THE NERVOUS system is influenced greatly by alterations in the concentration of the major cations in the extracellular fluid. The neurological manifestations of disorders of calcium, sodium, and potassium metabolism have been rather well defined. There are also considerable data which demonstrate that derangement of the metabolism of magnesium, the body's fourth most abundant cation, also profoundly affects the nervous system. Several recent publications serve as useful sources for comprehensive review of the biological role of magnesium.1-4
During the last four years, we have measured serum magnesium concentrations in a large number of patients in an effort to correlate changes in concentration with neurological status in a variety of clinical settings. The purpose of this communication is to review the relationship of magnesium metabolism to neural function, to document with illustrative cases the magnesium deficiency syndrome, to outline the indications for magnesium replacement therapy, to discuss magnesium intoxication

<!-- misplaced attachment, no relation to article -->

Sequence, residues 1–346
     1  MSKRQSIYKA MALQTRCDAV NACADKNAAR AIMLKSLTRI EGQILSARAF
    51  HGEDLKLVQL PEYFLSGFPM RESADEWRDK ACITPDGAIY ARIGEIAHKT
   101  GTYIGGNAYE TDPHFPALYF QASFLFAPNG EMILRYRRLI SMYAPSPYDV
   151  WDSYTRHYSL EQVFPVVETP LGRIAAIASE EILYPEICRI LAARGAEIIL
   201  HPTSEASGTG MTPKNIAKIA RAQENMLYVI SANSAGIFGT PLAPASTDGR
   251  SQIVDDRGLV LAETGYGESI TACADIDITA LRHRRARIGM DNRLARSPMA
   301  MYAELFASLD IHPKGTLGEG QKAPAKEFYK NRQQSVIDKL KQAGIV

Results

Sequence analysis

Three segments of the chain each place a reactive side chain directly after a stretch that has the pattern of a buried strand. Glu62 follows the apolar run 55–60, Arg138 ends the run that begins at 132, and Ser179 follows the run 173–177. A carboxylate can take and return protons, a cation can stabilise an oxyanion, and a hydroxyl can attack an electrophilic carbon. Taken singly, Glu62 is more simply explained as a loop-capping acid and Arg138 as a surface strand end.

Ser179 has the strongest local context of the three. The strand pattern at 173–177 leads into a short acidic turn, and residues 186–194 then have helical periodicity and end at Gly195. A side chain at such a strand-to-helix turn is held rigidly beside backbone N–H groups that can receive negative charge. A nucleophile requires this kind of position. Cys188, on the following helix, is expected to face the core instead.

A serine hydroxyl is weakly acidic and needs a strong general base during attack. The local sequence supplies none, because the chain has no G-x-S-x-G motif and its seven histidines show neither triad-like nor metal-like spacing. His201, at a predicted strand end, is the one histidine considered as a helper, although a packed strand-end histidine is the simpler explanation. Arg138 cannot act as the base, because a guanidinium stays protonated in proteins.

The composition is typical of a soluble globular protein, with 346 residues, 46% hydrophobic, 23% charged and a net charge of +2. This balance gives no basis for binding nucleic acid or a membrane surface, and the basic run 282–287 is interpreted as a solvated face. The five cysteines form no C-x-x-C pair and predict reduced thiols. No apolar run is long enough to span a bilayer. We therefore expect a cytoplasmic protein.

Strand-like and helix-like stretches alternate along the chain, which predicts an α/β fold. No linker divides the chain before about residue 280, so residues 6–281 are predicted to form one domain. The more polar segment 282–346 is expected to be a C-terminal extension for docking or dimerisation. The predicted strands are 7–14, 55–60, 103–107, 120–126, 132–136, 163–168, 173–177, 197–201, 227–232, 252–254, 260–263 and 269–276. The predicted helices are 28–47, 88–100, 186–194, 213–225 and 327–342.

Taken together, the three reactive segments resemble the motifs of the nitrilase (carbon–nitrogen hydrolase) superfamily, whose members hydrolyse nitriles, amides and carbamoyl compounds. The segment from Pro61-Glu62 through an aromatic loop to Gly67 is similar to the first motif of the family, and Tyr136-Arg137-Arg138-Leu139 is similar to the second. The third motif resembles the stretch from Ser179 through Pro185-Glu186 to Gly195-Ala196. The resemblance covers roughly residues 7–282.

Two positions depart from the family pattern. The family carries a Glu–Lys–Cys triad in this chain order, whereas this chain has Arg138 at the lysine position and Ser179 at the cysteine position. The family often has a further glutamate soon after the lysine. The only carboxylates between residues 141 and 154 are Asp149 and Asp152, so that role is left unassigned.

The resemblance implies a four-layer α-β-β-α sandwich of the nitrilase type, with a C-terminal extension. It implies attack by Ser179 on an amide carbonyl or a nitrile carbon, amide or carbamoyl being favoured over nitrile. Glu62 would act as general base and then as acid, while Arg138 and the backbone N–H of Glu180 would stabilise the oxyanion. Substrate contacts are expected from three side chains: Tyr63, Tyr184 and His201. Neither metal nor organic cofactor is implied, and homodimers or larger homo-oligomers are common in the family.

FISHMAN RA. Neurological Aspects of Magnesium Metabolism. Arch Neurol. 1965;12(6):562–569. doi:10.1001/archneur.1965.00460300010002
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